For months now, a great number of people have been working from home. So why not throw a house party?
When the Arkansas Children’s Foundation and ACH Auxiliary began planning the Miracle Ball fundraiser for Arkansas Children’s Hospital a year ago, COVID-19 wasn’t even a whisper in the national conversation.
Twelve months later we wake up during a pandemic, we work and play during a pandemic and go to sleep during a pandemic. Now the folks involved with ACH are figuring out how to party in a pandemic.
“We envisioned a winter/lodge themed party where we welcomed our guests in from the cold to enjoy warmth and hospitality,” says ACH Auxiliary member, former president and Miracle Ball co-chair Aimee Shelby. “As it turns out, our guests will be welcoming us into their homes via a virtual event.”
In its 15th year, you can bet you’ve never seen a Miracle Ball like this. But the bash is on, and ACH’s ability to adapt its “Home, Hearth and Hospitality” theme to a virtual stage is, well, at least mildly miraculous.
Then again, we’re talking to someone who helped raise $1.5 million, during a major health crisis, while serving her term as Auxiliary president.
“The Auxiliary has been around for 53 years and this is our first pandemic,” Aimee says. “We are still going strong.”
Shelby is co-chairing the Miracle Ball with her husband Michael, co-owner and CEO of petroleum equipment retailer SOCO and an ACH Foundation board member. The two are longtime supporters of ACH and each of their three sons has been a patient there at one time or another.
Michael’s connection dates farther back. He underwent eye surgery at ACH in 1975 and, with his mother’s help, recalls that even then the hospital stood apart in Arkansas.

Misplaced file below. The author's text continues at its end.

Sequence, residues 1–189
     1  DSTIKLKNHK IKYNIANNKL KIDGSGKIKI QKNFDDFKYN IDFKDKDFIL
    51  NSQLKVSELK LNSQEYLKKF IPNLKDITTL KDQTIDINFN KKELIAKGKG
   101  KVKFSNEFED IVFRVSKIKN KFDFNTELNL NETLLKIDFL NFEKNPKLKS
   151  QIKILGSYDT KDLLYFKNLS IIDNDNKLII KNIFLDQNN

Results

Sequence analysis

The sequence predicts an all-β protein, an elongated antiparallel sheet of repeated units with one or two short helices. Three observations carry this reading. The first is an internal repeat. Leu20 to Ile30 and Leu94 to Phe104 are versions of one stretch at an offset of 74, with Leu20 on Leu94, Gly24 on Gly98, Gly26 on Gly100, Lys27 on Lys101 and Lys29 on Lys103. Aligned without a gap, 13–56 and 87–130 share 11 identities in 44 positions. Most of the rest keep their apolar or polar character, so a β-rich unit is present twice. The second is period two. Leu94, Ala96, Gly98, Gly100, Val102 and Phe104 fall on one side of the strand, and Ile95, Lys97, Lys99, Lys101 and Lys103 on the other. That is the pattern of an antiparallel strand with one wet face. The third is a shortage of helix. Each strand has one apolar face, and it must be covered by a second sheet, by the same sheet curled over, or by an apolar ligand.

“At the time, Arkansas Children’s had the only pediatric anesthesiologist in the state,” Michael says. “Surgery went well and my mom says the family-focused care was evident even back 45 years ago.”
With a personal stake in the work of the hospital, the Shelbys are determined Miracle Ball partygoers will enjoy their more personal experience.
“Guests will still appreciate the grandeur they have come to expect of Miracle Ball, but in the comfort of their own homes,” Aimee says.
Funds raised at Miracle Ball — a joint venture between the Arkansas Children’s Foundation and the ACH Auxiliary — support a number of ACH causes and programs including Comfort Foods, Good Mourning, Arkansas Children’s Research Institute and Discovery and Delight.
Money raised this year will also go to COVID-19 relief, Michael says, and the vital work of the David M. Clark Center for Safe and Healthy Children and the ACH Emergency Department.
The Clark Center cares and treats neglected and abused children and their families, offering medical, psychological and social health services.
The Shelbys point out that COVID-19, while changing their party plans, has more seriously put a strain on families, leading to increases in abuse, neglect and emergency room visits. This magnifies the need for facilities like the Clark Center.
“They literally have been working around the clock during the pandemic,” Michael says. “It’s something I really wish we didn’t have to have, but I am so thankful that we do. The Clark Center sheds light on a very dark subject. They are an amazing group of people.”
Fundraising can be a challenge even when there isn’t a worldwide health crisis. Yet as things have become more uncertain, the Shelbys have found that many Arkansans have deep ties to ACH and want to help.